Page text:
Album review: Eyehategod – A History Of Nomadic Behavior

One new liver later, NOLA sludge kings Eyehategod return as dirty as ever on sixth album, A History Of Nomadic Behavior...

Album review: Eyehategod – A History Of Nomadic Behavior
Angela Davey

Eyehategod have a colourful history. Considered to be one of the four pillars of NOLA sludge metal, they’ve paved the way for many who’ve attempted to imitate them but never quite reached their level of finesse (or lack of). Their relentless touring schedule and long history of drug abuse are as much a part of the foundations of the band as their punk-tinged vitriol and spite-filled lyrics. Despite existing for three decades they have released just six albums – A History Of Nomadic Behavior is their first since 2014’s self-titled opus, and an impressive feat considering vocalist Mike Williams is fresh off the back of a liver transplant.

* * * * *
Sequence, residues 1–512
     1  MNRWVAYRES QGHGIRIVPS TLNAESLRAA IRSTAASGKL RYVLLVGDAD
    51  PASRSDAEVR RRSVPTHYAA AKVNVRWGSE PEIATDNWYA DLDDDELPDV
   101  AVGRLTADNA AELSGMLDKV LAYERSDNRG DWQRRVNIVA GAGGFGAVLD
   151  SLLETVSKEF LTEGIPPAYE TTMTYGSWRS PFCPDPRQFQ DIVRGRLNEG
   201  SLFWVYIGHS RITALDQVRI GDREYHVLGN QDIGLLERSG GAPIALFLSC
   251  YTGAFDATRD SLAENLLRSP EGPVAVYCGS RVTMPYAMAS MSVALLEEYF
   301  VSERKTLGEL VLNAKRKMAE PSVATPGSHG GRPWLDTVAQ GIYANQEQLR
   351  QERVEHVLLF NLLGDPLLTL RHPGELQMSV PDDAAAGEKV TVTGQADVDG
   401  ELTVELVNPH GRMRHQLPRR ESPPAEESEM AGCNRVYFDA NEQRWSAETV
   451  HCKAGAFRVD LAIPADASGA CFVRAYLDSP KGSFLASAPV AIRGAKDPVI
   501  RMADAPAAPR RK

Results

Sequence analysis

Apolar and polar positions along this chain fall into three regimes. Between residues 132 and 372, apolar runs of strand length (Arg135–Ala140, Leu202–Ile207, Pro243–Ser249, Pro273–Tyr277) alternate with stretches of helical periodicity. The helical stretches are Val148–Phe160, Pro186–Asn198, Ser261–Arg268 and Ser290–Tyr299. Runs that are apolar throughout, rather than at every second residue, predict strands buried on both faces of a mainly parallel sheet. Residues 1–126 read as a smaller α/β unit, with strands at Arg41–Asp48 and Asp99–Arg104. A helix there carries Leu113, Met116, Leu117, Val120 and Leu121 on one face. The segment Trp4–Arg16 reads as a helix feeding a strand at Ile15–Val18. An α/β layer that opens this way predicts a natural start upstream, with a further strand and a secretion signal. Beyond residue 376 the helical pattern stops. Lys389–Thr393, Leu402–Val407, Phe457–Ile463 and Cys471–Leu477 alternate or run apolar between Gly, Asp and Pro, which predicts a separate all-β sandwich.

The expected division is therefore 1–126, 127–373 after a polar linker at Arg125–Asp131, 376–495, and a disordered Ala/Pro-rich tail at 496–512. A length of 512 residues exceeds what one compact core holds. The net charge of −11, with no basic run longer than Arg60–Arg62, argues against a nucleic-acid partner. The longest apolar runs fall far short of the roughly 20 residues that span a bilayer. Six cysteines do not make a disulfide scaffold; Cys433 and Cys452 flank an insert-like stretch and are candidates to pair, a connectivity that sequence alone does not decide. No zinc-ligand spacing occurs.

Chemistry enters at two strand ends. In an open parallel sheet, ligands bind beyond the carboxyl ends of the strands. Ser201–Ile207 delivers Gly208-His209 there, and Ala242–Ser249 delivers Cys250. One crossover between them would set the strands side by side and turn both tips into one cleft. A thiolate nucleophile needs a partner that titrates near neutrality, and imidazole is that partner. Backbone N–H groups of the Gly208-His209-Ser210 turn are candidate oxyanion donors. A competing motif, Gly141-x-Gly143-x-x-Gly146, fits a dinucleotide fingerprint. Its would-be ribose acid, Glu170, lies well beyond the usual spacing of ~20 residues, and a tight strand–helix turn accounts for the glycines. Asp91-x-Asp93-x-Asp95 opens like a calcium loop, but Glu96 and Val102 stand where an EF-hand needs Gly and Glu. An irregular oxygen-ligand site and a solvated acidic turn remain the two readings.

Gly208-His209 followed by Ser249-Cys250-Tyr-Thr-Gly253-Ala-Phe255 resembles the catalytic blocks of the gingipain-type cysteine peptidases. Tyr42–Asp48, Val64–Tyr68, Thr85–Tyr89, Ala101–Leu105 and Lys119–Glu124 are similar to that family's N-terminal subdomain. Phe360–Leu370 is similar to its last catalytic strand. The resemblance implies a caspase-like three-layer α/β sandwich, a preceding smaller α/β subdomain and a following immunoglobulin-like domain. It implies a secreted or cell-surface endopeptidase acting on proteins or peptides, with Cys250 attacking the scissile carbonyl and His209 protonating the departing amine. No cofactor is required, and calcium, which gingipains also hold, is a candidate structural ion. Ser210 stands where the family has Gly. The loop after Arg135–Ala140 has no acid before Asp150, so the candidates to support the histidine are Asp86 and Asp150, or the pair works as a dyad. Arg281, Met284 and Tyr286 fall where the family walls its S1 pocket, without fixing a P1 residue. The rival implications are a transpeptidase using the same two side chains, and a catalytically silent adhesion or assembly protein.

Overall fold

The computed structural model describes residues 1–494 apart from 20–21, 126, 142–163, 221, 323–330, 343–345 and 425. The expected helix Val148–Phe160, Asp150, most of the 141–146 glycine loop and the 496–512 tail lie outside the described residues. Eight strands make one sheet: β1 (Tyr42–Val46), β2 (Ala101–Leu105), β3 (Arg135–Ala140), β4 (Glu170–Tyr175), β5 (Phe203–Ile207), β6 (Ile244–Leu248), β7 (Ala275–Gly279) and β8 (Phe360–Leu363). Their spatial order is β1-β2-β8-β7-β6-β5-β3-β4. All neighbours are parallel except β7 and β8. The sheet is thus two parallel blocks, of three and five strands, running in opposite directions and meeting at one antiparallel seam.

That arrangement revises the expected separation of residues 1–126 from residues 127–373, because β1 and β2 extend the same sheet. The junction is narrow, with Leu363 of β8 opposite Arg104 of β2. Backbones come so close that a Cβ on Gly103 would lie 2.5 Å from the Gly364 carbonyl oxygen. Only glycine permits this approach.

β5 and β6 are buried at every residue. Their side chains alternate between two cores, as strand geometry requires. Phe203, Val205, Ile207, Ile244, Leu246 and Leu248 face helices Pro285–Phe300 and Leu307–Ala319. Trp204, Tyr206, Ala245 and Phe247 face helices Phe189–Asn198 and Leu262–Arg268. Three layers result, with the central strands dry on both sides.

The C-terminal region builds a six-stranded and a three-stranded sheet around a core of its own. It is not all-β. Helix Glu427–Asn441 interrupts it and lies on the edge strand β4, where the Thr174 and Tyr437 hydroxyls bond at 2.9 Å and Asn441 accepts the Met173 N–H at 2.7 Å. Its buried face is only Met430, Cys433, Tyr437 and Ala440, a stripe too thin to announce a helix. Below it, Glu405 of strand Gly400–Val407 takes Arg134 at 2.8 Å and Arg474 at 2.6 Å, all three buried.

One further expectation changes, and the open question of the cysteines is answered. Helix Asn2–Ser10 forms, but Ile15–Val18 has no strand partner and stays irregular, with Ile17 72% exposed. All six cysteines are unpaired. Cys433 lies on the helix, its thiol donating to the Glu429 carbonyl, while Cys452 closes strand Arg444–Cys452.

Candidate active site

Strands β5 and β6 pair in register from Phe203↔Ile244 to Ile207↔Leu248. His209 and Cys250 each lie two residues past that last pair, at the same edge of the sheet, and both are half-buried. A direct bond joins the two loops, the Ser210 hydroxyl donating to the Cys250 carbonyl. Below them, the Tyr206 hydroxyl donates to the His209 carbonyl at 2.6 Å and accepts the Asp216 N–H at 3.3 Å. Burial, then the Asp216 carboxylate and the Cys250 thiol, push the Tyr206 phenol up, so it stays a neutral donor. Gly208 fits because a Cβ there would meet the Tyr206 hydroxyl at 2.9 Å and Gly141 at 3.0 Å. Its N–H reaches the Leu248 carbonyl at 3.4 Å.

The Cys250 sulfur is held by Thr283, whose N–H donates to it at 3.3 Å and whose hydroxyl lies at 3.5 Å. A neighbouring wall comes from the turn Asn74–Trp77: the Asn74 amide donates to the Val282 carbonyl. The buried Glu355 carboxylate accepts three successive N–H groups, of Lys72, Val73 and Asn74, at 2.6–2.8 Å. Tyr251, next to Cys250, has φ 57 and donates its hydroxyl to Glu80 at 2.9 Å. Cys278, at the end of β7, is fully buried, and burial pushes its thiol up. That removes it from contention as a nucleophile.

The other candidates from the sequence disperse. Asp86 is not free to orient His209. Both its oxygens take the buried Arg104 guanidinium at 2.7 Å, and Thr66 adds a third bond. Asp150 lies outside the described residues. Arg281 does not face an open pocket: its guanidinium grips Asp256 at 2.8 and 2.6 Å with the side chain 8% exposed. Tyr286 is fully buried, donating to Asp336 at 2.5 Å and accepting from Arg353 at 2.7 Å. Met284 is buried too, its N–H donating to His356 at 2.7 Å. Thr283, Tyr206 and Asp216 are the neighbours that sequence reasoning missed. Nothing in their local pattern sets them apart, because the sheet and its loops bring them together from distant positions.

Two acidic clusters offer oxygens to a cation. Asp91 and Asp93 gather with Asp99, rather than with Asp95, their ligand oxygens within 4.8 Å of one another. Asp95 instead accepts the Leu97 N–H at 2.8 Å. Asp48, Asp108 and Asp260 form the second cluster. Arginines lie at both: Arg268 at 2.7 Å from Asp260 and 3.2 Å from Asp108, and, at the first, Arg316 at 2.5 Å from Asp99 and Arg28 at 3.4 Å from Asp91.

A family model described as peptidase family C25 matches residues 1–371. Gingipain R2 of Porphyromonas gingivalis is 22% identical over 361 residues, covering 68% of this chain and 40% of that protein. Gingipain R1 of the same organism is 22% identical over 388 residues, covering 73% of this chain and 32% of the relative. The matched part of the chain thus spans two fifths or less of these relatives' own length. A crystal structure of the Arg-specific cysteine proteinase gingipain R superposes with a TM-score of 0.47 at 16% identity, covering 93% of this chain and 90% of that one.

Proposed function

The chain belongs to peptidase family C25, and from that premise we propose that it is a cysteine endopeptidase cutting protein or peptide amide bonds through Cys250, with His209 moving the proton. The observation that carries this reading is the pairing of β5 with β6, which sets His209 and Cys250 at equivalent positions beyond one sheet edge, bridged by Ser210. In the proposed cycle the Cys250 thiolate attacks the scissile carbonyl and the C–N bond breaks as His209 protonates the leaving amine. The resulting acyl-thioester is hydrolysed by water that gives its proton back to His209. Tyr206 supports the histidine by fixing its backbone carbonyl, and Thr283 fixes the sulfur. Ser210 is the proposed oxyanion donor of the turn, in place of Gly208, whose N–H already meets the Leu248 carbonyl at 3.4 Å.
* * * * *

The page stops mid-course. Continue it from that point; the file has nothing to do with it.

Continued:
He opens this album with the explosive line, 'Plate glass shatters in my head', an impressionistic taster of the fury that’s to follow. In terms of Eyehategod’s previous output, there are no surprises here, it simply feels as though they’re picking up from where they left off from seven years ago; if you’ve ever listened to one of their albums before then this will feel instantly familiar.

The guitars chug along with a blues tinged bounce, as the percussion pounds like glacially paced hammer blows. However, the star of the show on any Eyehategod release is always going to be the vocals; Mike’s trademark angry tirade is always recognisable and it’s satisfying to hear it make a welcome return. This record is as much a celebration as it is a continuation of the band’s journey. Despite all they’ve been through they’ve come back swinging, a true testament to the age old philosophy of “what doesn’t kill you makes you stronger” – in their case what doesn’t kill you makes you more pissed off.

Verdict: 3/5

For Fans Of: Crowbar, Black Flag, Electric Wizard

A History Of Nomadic Behavior is out on March 12 via Century Media

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